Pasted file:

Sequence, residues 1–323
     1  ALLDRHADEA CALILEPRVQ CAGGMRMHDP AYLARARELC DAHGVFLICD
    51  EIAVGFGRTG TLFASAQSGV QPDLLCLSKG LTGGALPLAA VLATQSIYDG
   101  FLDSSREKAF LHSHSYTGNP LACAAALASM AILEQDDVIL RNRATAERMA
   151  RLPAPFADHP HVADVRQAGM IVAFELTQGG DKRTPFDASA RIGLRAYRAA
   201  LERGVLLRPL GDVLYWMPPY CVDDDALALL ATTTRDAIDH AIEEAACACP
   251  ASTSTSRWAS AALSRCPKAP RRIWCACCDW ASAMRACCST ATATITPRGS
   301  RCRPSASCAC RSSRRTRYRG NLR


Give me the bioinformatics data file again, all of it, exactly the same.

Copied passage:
Sequence, residues 1–323
     1  ALLDRHADEA CALILEPRVQ CAGGMRMHDP AYLARARELC DAHGVFLICD
    51  EIAVGFGRTG TLFASAQSGV QPDLLCLSKG LTGGALPLAA VLATQSIYDG
   101  FLDSSREKAF LHSHSYTGNP LACAAALASM AILEQDDVIL RNRATAERMA
   151  RLPAPFADHP HVADVRQAGM IVAFELTQGG DKRTPFDASA RIGLRAYRAA
   201  LERGVLLRPL GDVLYWMPPY CVDDDALALL ATTTRDAIDH AIEEAACACP
   251  ASTSTSRWAS AALSRCPKAP RRIWCACCDW ASAMRACCST ATATITPRGS
   301  RCRPSASCAC RSSRRTRYRG NLR